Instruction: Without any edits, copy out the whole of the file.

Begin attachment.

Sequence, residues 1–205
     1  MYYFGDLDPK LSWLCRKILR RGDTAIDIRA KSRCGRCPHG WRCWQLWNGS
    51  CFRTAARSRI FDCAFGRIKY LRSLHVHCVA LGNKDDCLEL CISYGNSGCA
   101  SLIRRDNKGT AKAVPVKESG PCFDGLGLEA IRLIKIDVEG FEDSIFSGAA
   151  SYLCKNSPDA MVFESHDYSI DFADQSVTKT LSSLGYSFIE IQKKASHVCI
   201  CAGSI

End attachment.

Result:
Sequence, residues 1–205
     1  MYYFGDLDPK LSWLCRKILR RGDTAIDIRA KSRCGRCPHG WRCWQLWNGS
    51  CFRTAARSRI FDCAFGRIKY LRSLHVHCVA LGNKDDCLEL CISYGNSGCA
   101  SLIRRDNKGT AKAVPVKESG PCFDGLGLEA IRLIKIDVEG FEDSIFSGAA
   151  SYLCKNSPDA MVFESHDYSI DFADQSVTKT LSSLGYSFIE IQKKASHVCI
   201  CAGSI